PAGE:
Blogging Through the Book — The Selfless Way of Christ by Henri Nouwen
Every Christian at least occasionally thinks about what it means to give testimony to the work of Christ in his life. In The Selfless Way of Christ the author puts it this way: “We can only call ourselves witnesses of Jesus when we have heard him with our own ears, seen him with our own eyes, and touched him with our own hands.” (p. 14) He further says that the basis for the work of the apostles was not knowledge but rather their “having lived with Jesus.” (p. 14)
The testimony of a Christian is, therefore, crafted by living with Jesus. In prayer, in Bible study, in worship, in conversation, in quiet moments when truth bursts into evidence like a pyrotechnic extravaganza – these are the moments in our life with Christ that shape our testimony. Testimony does not emerge only inside worship buildings during the activity of worship. Our testimony is our life. Washing dishes. Making beds. Navigating rush hour traffic. We are living with Jesus every moment, and every moment testifies to him.
We may have trouble saying it clearly, but our lives are our testimonies. This is why people of faith live in constant tension with people who only acknowledge time and space as reality. The indwelling Holy Spirit places us at the intersection of time and eternity. Secular thinkers protest that this time/space reality is all there is. Some secular thinkers kindly tolerate our testimony as a gentle aberration, but others take offense at the idea that there is something beyond the universe we keep trying to measure. Their offended feelings are beginning to be expressed more commonly in our culture.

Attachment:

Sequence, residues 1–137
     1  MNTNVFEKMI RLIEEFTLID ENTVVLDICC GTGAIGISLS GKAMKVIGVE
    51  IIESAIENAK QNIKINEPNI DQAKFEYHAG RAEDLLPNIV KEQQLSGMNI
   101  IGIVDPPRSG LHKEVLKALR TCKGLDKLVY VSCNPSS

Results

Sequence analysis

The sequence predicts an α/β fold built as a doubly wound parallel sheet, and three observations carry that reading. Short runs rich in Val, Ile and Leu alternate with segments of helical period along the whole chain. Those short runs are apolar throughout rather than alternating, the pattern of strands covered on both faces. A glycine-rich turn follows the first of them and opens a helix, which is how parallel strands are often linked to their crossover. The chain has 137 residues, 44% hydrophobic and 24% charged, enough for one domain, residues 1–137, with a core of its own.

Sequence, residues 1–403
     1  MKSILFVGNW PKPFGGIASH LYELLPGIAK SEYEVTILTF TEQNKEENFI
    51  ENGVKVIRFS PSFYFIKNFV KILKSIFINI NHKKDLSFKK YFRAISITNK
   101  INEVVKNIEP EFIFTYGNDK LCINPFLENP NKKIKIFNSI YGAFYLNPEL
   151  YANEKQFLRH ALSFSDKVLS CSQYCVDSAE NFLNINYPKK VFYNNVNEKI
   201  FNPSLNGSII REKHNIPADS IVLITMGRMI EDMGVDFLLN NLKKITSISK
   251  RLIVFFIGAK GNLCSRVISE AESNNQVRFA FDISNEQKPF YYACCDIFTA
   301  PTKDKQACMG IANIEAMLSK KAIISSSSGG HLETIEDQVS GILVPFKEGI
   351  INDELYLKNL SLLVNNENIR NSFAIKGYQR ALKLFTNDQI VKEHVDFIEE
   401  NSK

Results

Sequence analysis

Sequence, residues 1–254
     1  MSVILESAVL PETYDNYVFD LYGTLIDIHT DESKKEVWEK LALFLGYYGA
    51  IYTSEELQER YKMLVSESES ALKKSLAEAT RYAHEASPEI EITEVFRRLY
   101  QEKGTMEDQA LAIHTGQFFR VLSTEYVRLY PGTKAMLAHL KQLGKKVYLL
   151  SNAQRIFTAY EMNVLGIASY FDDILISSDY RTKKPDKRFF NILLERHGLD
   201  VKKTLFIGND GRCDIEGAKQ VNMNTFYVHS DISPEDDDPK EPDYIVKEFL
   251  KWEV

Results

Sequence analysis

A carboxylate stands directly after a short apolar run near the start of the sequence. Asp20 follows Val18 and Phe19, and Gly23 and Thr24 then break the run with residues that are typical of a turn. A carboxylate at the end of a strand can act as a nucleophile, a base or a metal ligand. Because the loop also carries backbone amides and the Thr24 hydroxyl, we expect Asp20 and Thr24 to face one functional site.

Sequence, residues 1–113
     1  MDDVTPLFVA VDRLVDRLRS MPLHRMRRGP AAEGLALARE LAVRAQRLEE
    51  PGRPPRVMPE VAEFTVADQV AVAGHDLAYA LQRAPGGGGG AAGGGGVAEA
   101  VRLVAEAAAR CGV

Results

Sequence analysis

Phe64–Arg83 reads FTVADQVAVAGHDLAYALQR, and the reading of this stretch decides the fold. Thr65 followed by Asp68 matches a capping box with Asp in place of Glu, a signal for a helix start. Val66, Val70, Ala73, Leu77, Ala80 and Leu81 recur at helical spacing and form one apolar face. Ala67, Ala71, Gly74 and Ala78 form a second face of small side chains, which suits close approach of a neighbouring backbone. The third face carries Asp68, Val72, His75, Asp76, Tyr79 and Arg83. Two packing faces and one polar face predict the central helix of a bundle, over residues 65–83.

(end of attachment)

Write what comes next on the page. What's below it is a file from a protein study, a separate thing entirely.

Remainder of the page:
In the US, our culture predominantly self-identifies with Christianity, but the percentage is trending downward in recent years. Immigrants affiliated with a variety of different religions are part of that changing trend. However, over the past twenty years one statistic has increased noticeably, and in 2011, one poll reported that 19% of Americans self-identify as completely secular. Even that number is deceptive, because many religious people adopt secular standards in public. Many religious people agree with pure secularists that religion is a private matter and religion should not be discussed or even mentioned in the public forum. There may be a poll that records this category, but lacking that, personal experience suggests that 20% of the population, if asked, would agree that religion ought not to be mentioned in public. Christians who hold that view believe that all testimony and all evangelism must be confined inside the walls of a building dedicated to religious activity.
Henri Nouwen would find this observation appalling, because he says, “To be a Christian is to witness to this Word,” the “Word” being Christ, the Living Word of God. Most Christians would agree that this is a good definition of the life of faith, but in our culture, most secular thinkers and most religious people who prefer the secular standard in public life, reject this definition. Many simply think it is good etiquette to avoid the subject of religion in public, but some are adamant that freedom of religion is not enough; the nation needs freedom from religion. This latter concept challenges adherents of any faith who believe that their faith is the basis for their moral and ethical choices.